Estate Administration

When someone passes away, their affairs must be cared for. In Oklahoma state administration is the legal process of settling the decedent’s unfinished business. It is also referred to as probate. In Oklahoma, the District Court in the county in which the decedent was a resident at the time of their death has jurisdiction over their estate matters. 58 OK Stat § 585. For example, if they were a resident of Stilwell, then the court in Adair County would have jurisdiction. The two main purposes of the probate process are to make sure that a decedent’s property is legally transferred to the appropriate people or entities and to make sure that the decedent’s debts are paid.

Personal Representative in Oklahoma

While the District Court serves as the probate court in Oklahoma and has jurisdiction over the estate administration process, the personal representative is responsible for caring for the day-to-day activities of estate administration. If the decedent was testate, the personal representative is typically the person the decedent nominated in the will. Otherwise, the person is typically the spouse, adult child, or other family member. Note that the personal representative does not have to be one individual. More than one person can be appointed, and the role can be filled by a corporation. Before the personal representative can move forward with managing the decedent’s estate, they must first petition the court and the court must approve their petition.

Estate Administration Process in Oklahoma

  • Locate estate property. The personal representative has a duty to identify, take possession of, protect, and conserve all probate property of the estate. Note that not all property is subject to the control of the personal representative and the court-supervised probate process. Only assets that are deemed to be probate property such as personal and real property that the decedent owned individually. Non-probate property such as 401(k) plans, IRAs, assets transferred to a living trust, life insurance, payable-on-death bank accounts, and property owned by another with survivorship rights is not subject to probate. Instead, such property passes to others by operation of law upon the decedent’s death.
  • Inventory estate assets. Because the primary goals of the administration process are to pay debts and distribute assets, both the personal representative and the court must understand the value of the estate. Within 2 months of appointment, the personal representative must create an inventory of estate assets that includes their value and submit the inventory to the court. Beneficiaries and heirs have the right to a copy of the inventory. They must submit a written request. 58 OK Stat § 58281.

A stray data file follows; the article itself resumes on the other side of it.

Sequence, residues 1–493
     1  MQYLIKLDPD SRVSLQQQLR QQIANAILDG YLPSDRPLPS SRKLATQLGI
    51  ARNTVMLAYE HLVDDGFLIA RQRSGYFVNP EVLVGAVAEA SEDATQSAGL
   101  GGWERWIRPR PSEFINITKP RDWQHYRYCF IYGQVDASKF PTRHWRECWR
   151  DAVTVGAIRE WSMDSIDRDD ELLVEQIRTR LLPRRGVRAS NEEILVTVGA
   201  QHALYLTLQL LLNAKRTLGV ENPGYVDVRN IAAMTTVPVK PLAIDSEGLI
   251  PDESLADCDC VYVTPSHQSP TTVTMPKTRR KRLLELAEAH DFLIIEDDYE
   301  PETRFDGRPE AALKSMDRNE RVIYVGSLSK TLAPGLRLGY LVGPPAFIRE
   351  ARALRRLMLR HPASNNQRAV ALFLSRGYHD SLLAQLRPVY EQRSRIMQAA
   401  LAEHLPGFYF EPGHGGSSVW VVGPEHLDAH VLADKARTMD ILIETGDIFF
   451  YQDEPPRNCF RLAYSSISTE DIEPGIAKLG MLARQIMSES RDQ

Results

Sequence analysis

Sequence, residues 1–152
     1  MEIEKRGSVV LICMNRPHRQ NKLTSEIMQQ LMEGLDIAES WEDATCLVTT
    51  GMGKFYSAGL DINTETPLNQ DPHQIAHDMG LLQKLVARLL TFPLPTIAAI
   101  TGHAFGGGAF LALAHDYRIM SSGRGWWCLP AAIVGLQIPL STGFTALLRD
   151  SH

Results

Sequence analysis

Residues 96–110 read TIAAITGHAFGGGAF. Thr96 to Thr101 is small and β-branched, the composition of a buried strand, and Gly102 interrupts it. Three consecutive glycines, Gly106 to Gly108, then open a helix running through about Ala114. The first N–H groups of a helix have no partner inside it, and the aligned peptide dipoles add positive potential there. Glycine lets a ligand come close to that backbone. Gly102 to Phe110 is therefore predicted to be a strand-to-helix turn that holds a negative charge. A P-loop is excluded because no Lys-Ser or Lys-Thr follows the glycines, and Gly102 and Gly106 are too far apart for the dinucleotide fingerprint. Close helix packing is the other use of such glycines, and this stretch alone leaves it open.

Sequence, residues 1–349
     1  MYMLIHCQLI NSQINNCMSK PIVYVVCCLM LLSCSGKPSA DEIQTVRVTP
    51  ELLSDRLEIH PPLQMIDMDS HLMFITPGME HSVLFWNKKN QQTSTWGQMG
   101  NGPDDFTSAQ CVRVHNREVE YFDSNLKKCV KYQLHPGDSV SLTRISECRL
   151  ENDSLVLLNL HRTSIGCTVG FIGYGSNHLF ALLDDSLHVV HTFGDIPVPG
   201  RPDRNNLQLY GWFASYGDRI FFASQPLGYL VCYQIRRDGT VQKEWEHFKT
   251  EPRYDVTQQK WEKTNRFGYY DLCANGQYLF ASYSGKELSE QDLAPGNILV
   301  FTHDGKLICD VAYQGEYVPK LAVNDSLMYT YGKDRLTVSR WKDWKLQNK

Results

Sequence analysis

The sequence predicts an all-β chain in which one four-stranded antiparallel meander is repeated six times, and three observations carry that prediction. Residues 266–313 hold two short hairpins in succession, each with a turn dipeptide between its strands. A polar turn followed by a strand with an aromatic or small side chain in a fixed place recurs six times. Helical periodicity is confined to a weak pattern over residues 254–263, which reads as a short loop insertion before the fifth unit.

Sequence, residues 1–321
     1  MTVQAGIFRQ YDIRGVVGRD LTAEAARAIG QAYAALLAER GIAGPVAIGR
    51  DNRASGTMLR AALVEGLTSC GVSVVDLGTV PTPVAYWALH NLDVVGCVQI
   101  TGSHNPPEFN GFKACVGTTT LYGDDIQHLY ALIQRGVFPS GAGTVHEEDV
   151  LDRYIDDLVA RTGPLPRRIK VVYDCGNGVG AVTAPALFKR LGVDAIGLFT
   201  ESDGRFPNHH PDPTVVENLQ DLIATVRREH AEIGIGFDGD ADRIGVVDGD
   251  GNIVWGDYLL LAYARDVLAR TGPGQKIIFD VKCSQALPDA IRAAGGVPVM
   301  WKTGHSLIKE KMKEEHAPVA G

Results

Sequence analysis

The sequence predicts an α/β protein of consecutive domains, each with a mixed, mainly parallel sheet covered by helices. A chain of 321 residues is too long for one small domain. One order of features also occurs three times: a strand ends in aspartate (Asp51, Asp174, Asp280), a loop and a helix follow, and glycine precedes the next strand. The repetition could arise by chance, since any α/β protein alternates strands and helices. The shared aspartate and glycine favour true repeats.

• Notify creditors. In order to settle debt, the personal representative must first notify creditors that the estate has been opened and let them know how to file a claim. The personal representative must publish a notice within 2 months after appointment. 58 OK Stat § 6335. The notice must include the “presentment date,” which is the date by which claims must be filed.
  • Pay debt. The personal representative is required to pay claims that were filed by the presentment date to the extent that there are assets in the estate to do so. If there are not sufficient assets, then the personal representative must pay claims based on the statutory order of priority. This means that some claims will not be paid. Top priority is given to paying fees related to the decedent’s funeral, the decedent’s medical expenses, and allowances to support the decedent’s family. 58 OK Stat § 58591
  • Distribute assets. The final major task of the personal representative is to distribute assets that remain in the estate after the debts and expenses are paid. The decedent’s will guides asset distribution. If the decedent does not have a will, then Oklahoma’s law of intestate succession guides asset distribution. 84 OK Stat § 84-213

Time Frame for Estate Administration in Oklahoma

The estate administration process typically takes about 4-6 months. However, the actual time frame depends on factors such as the size of the estate, if there are complicated tax matters, or if there is a will contest or other probate disputes that add time to the process. Similarly, if the estate is small and uncomplicated, the administration process can be relatively quick.

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